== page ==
At the same time, more can be done to close the digital development gap with international competitors. While the rapid advance in IT export services is notable, it may be partially attributed to the Ukraine invasion, which triggered corporate relocations, and the post-pandemic recession, which led to the hiring of cheaper Central Asian IT workers. The number of businesses with Russian capital in Kazakhstan and Kyrgyzstan has doubled since the invasion and the government has a list of 400 foreign firms it is hoping will relocate to Kazakhstan. The 2023 report by StrategEast, The Billion in the Distance: Central 
Asian IT Exports and Strategies for Growing Them
, outlines accomplishments and the path forward. That study highlights that good policymaking by Central Asian governments can create good jobs that will benefit labour migrants and relokanty alike and enable the region’s IT sector to grow and prosper.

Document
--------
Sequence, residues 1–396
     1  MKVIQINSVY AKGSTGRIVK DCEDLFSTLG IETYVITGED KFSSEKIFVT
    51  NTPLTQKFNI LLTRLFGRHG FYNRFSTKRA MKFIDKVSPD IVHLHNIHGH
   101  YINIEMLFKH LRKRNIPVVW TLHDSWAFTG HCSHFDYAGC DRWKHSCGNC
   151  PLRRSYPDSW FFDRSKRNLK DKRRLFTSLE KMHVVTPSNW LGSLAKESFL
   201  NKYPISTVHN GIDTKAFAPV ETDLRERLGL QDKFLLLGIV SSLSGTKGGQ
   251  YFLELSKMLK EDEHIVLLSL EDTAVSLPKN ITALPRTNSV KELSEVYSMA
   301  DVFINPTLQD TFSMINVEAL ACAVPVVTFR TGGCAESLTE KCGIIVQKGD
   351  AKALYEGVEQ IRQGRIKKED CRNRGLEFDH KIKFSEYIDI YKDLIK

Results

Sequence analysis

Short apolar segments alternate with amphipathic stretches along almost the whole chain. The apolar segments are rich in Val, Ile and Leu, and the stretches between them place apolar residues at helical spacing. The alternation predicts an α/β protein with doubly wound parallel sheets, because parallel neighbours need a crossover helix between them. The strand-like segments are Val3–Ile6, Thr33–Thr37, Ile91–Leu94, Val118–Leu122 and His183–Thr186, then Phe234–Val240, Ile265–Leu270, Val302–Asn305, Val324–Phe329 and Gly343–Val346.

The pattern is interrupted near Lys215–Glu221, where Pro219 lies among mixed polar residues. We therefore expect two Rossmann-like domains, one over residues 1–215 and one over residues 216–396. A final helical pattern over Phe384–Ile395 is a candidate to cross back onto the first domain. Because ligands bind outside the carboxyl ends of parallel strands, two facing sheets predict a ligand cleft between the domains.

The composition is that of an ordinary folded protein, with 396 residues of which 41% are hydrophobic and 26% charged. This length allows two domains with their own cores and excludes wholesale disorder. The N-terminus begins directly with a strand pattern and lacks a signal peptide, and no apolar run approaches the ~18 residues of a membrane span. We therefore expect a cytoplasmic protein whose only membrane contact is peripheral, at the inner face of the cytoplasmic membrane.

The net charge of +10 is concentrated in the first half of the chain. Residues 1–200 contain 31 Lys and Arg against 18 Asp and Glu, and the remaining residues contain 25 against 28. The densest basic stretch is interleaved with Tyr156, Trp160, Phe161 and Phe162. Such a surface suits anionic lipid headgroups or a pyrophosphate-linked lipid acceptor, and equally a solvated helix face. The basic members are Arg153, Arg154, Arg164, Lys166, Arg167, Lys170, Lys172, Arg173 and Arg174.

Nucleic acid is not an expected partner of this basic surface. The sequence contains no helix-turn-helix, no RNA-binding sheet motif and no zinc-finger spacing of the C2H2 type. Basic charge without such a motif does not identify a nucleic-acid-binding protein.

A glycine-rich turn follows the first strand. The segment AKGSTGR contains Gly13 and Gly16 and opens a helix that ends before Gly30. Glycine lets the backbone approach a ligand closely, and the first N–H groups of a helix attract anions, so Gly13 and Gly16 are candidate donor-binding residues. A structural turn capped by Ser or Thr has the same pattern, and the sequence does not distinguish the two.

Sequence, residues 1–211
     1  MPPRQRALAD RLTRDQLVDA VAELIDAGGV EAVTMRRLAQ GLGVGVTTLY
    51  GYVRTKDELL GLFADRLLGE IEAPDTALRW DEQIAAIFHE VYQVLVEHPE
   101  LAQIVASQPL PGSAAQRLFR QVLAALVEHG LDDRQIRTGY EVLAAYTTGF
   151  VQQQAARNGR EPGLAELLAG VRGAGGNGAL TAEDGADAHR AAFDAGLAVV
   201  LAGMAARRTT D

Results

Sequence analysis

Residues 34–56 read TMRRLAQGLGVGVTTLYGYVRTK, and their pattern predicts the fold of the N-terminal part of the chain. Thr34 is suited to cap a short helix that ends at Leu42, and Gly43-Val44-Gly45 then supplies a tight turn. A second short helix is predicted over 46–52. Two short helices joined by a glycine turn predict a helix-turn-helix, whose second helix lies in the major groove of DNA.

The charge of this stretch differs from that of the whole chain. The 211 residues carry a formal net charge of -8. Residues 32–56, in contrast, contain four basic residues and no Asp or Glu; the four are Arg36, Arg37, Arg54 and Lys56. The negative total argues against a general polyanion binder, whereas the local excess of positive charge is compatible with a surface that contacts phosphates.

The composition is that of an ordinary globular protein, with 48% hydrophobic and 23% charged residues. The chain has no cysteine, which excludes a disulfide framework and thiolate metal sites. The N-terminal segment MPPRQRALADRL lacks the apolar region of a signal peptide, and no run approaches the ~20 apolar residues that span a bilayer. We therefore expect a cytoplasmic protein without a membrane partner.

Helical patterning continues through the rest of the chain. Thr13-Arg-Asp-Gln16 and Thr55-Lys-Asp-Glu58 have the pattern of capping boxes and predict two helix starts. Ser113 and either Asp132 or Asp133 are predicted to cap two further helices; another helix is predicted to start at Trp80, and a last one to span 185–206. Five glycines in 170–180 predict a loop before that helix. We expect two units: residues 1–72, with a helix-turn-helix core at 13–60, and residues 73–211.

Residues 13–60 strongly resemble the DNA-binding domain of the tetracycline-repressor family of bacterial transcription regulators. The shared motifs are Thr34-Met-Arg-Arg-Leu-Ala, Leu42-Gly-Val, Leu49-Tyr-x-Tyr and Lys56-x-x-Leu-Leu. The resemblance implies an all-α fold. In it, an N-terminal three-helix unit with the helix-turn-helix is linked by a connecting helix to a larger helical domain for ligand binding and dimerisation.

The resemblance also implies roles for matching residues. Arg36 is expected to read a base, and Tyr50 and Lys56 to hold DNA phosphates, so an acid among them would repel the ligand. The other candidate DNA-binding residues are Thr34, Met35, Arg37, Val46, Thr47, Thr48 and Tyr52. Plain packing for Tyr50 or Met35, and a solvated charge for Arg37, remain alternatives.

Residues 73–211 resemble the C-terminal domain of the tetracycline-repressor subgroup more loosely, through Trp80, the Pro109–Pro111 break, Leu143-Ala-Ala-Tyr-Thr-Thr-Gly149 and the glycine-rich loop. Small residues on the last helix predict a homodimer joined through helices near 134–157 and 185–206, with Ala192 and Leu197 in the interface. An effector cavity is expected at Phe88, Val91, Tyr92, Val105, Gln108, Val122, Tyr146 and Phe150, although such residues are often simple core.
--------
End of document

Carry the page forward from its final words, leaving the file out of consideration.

This article is adapted from the original version posted on the CPC website. It draws on research presented on April 5, 2024, at a conference on Migrants and Exiles at the Georgetown University WalshSchool of Foreign Service Center for Eurasian, Russian and East European Studies (CERES).

Marsha McGraw Olive is a Caspian Policy Center board member. She is on the faculty at Johns Hopkins SAIS and a Global Fellow at The Wilson Center. During a long career, including at the World Bank, Dr. Olive led strategic planning, investment and grant portfolios in Russia, Ukraine, the Caucasus, and Central Asia.

This item was first published on Eurasianet here.